# Comparing Lists for Duplicates

by Allen Wyatt
(last updated January 27, 2016)

Imagine for a moment that you have a worksheet that contains lists of part numbers. On one worksheet you have a list of part numbers, and on another worksheet you have a similar list. The lists are not identical, however, and you want to determine if a particular part number on one list also appears on the other.

One solution is to somehow combine the lists, but add some sort of indicator as to which original list the particular part number came from. This approach (or a variation thereon) is, in fact, the approach taken by many Excel users.

What if you don't want to combine the lists, however? In this case, there is a very easy way to do the comparison. Follow these steps:

1. Make sure there is a blank column just to the right of each list of part numbers on each worksheet.
2. Select the part numbers on the first worksheet and give them a name such as "PartList1". (Use Insert | Name | Define.)
3. Select the part numbers on the second worksheet and give them a name such as "PartList2".
4. Assuming that the first part number on the first worksheet is in cell A2, enter the following formula in cell B2:
```     =ISNUMBER(MATCH(A2,PartList2,0))
```
1. Copy the formula down so that a copy appears to the right of each part number on the first worksheet.
2. Repeat steps 4 and 5 on the second worksheet, but use the following formula:
```     =ISNUMBER(MATCH(A2,PartList1,0))
```

When you are done, either TRUE or FALSE will appear to the right of each part number on each worksheet. If TRUE appears, the associated part number appears on the other worksheet. If FALSE appears, then the part number is unique and does not appear on the other worksheet.

Another approach is to use an array formula to do the comparisons. You could follow the same steps shown above, but use the following formula in step 4 (and PartList1 variation in step 6):

```=OR(EXACT(A2,PartList2))
```

Since this is an array formula, you would enter it by using Shift+Ctrl+Enter. The result is the same TRUE and FALSE designation described above.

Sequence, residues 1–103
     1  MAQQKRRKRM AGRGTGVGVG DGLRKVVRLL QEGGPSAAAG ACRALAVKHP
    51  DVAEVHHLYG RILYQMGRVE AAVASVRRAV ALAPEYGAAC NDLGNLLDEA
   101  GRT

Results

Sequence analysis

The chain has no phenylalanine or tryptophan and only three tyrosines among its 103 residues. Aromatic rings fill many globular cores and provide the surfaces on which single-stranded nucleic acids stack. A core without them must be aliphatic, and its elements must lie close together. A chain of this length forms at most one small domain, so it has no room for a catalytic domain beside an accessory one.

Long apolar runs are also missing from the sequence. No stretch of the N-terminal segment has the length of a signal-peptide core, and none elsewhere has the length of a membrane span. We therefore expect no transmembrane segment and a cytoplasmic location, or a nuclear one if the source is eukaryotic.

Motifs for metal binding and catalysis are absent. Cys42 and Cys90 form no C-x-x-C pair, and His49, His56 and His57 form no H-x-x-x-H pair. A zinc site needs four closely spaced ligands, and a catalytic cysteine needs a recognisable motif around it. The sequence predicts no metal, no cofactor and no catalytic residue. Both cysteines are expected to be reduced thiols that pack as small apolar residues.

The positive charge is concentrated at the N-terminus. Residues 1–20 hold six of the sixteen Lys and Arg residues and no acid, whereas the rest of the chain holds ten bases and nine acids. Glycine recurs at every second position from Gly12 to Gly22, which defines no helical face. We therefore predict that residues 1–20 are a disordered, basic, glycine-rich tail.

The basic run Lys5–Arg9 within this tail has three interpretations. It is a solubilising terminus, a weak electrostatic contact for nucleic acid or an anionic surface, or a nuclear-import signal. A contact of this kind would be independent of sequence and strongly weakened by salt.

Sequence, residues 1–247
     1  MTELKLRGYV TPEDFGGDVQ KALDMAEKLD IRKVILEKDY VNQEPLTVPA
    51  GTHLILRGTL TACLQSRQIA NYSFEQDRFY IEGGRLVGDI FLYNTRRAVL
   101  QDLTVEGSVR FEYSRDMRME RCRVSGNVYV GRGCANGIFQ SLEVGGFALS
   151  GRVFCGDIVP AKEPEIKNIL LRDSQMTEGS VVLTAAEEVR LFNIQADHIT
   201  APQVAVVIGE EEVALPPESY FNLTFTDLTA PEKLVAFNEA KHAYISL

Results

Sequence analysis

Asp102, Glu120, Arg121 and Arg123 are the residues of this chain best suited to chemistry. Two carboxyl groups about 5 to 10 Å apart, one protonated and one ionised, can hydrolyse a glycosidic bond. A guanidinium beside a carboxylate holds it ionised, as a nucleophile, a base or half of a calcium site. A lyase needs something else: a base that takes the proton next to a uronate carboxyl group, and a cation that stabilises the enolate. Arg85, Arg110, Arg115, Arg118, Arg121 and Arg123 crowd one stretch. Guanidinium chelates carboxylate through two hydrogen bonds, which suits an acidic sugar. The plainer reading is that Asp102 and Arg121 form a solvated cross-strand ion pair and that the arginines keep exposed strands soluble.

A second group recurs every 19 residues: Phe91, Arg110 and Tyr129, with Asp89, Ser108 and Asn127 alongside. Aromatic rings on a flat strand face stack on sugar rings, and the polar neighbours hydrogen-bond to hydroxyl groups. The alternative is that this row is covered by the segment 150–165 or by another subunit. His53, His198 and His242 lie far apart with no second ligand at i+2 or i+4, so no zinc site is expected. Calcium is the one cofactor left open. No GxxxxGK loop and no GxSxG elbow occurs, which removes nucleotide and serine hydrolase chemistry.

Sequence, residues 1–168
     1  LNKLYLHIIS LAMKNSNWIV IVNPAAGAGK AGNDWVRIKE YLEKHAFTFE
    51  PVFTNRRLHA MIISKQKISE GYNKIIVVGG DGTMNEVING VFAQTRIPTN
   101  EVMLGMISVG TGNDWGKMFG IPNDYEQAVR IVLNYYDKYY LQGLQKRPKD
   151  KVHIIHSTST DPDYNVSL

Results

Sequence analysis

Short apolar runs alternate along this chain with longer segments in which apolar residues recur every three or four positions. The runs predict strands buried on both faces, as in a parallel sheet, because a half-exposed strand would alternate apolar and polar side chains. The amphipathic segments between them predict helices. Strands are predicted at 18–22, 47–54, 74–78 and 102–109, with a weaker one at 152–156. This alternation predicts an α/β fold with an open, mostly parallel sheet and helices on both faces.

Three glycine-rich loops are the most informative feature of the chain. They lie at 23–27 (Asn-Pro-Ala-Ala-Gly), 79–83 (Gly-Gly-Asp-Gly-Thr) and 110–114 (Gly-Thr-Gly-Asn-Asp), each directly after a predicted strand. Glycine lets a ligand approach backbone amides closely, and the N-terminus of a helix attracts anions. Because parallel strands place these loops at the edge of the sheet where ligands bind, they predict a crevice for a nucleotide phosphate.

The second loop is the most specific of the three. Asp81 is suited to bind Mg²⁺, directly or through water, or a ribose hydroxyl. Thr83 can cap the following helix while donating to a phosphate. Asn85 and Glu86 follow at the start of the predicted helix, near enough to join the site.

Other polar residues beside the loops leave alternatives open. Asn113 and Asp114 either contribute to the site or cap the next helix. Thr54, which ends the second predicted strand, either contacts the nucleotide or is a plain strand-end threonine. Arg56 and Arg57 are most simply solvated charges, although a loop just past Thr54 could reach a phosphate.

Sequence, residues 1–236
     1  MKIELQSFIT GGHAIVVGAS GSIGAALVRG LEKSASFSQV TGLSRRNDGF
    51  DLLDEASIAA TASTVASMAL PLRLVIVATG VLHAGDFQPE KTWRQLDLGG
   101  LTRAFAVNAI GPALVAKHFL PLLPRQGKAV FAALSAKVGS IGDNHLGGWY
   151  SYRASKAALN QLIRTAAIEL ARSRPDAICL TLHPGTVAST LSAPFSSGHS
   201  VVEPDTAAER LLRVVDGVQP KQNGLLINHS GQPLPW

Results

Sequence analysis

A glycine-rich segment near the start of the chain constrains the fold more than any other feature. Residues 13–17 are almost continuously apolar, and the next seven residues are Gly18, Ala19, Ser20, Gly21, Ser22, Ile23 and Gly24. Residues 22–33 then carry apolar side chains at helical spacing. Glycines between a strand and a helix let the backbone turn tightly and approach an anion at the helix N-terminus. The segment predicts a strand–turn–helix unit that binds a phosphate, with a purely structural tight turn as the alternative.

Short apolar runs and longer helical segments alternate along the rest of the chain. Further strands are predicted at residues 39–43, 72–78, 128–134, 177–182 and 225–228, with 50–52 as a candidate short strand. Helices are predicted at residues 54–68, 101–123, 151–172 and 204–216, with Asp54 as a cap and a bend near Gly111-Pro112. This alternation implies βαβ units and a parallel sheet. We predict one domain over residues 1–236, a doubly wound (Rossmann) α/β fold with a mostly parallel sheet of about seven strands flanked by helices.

Regardless of which formula approach you use, you can use the AutoFilter capabilities of Excel to limit what is shown on either worksheet. If you filter to show only the FALSEs, you will have a list of all unique part numbers. If you filter to show TRUEs, then you will have a list of duplicates.

ExcelTips is your source for cost-effective Microsoft Excel training. This tip (2251) applies to Microsoft Excel 97, 2000, 2002, and 2003.

##### Author Bio

Allen Wyatt

With more than 50 non-fiction books and numerous magazine articles to his credit, Allen Wyatt is an internationally recognized author. He is president of Sharon Parq Associates, a computer and publishing services company. ...

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What is two minus 1?

2019-02-20 17:46:40

J Bingham

I struggled to get this to work until I found two errors that were keeping it from working.
First, it is not sufficient to just place the name of the range in the formula when the range is in a different file, the name of the file must also be included in the formula, i.e. =ISNUMBER(MATCH(A2,'SecondPartListfile.xls'!PartList2,0)).
The second error was in my data, I was trying to compare numbers stored as text to numbers.
Once I corrected both these errors, this worked like a champ.

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